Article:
Texan who prosecutors say 'lit the match' of Jan. 6 riot sentenced to more than 7 years in prison
WASHINGTON — Guy Reffitt, a Texan who prosecutors said “lit the match” of the Jan. 6 insurrection at the U.S. Capitol, was sentenced to 7 1/4 years in prison on Monday, the longest sentence of any rioter to date but less than what the Justice Department had pushed for.
Reffitt, a 49-year-old from Wylie, was the first rioter to to be convicted at trial in March when a jury found him guilty on five counts: two counts of civil disorder and one count each of obstruction of an official proceeding, entering and remaining on restricted grounds with a firearm and obstruction of justice.
Reffitt, who was a recruiter for the antigovernment movement The Three Percenters, never entered the Capitol but helped ignite the crowd “into an unstoppable force” against police officers who were attempting to protect the Senate wing doors, a prosecutor at the trial said. He was equipped with a handgun, body armor, a helmet, radio and flex cuffs.
“Reffitt sought not just to stop Congress, but also to physically attack, remove, and replace the legislators who were serving in Congress. This is a quintessential example of an intent to both influence and retaliate against government conduct through intimidation or coercion,” prosecutors wrote in a sentencing memo.
Prosecutors sought to enhance his sentence to 15 years using a provision in federal law that allows for harsher punishment in terrorism cases, though Reffitt was not convicted of a terrorism charge. Reffitt’s case is the first time prosecutors have sought a terrorism enhancement sentencing for a Jan. 6 rioter.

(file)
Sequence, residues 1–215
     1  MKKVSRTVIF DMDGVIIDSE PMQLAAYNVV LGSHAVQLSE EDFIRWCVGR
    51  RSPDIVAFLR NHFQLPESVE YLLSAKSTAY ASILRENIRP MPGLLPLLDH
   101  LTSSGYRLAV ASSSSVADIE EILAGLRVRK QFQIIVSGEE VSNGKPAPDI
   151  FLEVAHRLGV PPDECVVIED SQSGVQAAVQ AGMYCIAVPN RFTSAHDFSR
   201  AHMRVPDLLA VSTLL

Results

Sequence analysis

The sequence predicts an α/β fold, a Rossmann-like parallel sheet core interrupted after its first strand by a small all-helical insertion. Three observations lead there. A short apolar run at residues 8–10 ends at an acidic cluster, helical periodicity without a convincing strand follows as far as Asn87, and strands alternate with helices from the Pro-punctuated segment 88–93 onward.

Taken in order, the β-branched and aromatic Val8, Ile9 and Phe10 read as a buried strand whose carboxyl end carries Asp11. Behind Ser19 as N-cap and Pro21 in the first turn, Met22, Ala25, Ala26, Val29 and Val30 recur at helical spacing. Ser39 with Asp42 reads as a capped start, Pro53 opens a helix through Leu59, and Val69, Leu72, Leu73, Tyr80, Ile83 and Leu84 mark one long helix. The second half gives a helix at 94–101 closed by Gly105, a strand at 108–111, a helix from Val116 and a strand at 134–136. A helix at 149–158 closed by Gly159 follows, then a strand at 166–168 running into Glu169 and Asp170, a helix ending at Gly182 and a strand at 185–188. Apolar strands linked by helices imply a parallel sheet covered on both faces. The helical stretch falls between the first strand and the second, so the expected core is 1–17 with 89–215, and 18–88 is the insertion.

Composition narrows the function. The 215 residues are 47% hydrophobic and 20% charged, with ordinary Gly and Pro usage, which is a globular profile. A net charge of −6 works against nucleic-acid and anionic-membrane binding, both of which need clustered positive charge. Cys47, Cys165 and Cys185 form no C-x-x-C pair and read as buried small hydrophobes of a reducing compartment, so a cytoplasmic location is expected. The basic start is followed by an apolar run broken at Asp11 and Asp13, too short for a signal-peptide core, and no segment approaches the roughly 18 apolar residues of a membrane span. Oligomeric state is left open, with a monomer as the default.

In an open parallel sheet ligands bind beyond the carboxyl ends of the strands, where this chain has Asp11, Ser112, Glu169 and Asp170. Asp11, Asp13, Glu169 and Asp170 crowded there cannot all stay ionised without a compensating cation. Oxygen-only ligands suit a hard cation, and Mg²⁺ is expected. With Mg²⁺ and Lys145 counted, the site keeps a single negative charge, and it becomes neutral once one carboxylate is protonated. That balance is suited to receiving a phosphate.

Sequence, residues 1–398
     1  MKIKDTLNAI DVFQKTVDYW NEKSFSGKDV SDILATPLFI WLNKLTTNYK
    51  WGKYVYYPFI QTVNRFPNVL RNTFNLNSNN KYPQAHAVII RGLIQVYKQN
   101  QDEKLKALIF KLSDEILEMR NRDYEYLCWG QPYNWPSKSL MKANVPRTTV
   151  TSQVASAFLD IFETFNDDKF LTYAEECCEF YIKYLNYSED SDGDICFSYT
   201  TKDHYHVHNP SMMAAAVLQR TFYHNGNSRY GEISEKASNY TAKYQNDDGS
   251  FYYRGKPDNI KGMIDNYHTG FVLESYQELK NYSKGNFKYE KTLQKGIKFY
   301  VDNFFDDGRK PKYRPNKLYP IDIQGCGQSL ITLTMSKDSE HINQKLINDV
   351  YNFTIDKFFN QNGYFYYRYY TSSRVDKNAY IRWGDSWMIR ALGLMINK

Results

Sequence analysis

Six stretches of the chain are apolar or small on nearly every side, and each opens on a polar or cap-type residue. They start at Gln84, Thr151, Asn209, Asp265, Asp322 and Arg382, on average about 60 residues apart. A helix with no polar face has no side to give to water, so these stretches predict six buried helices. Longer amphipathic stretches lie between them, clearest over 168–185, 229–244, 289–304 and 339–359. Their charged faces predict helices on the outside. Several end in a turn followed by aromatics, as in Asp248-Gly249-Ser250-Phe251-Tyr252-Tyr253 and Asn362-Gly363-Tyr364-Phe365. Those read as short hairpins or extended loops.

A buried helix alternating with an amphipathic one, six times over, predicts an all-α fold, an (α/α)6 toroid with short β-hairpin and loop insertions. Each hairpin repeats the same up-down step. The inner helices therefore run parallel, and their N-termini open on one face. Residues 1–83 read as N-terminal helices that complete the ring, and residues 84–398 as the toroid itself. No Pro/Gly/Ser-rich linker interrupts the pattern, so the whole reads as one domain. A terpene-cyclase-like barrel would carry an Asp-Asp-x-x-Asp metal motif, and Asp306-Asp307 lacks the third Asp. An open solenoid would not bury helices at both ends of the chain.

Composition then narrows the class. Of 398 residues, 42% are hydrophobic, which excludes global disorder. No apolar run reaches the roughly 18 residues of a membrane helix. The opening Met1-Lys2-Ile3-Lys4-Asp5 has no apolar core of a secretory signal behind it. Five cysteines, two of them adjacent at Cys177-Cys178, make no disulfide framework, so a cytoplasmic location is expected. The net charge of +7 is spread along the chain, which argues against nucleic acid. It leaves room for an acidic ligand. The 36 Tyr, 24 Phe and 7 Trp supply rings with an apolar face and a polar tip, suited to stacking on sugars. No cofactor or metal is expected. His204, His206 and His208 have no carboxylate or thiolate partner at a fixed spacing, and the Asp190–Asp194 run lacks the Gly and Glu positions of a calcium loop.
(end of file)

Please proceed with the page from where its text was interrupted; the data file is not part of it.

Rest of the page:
The longest sentence of all Jan. 6 rioters was previously 5 1/4 years, which was given to two defendants. Prosecutors claimed that because Reffitt was armed with a firearm, chose to go to trial and was a primary instigator in the riots, he deserved the longest sentence to date.
F. Clinton Broden, a Texas-based lawyer whom Reffitt retained after his conviction, called for a sentencing of 24 months, claiming the case is different than other Jan. 6 rioters because Reffitt never entered the building, did not assault police and did not remove the handgun from his holster. Reffitt never conceded at the trial that he had a loaded weapon but bragged to fellow Three Percenters after the insurrection that “we all had weapons but never fired a single round.” Reffitt has already been held for 19 months in a Washington, D.C., jail.
After hours of going through the prosecution’s arguments for enhancing the sentence, U.S. District Judge Dabney Friedrich denied the terrorism enhancement and other arguments by the prosecution to increase the sentence. She said the terrorism enhancement would cause “an unwanted sentencing disparity” between Reffitt and other Jan. 6 defendants since prosecutors did not seek the increased sentencing in other cases.
Friedrich, a judge appointed by former President Donald Trump, also rebuked Broden’s push for a lighter sentence and criticized Reffitt over a letter he wrote that did not show remorse for all of his actions on Jan. 6.
“All of these illegal actions, not his words, justify the sentence,” Friedrich said when announcing the sentencing on Monday.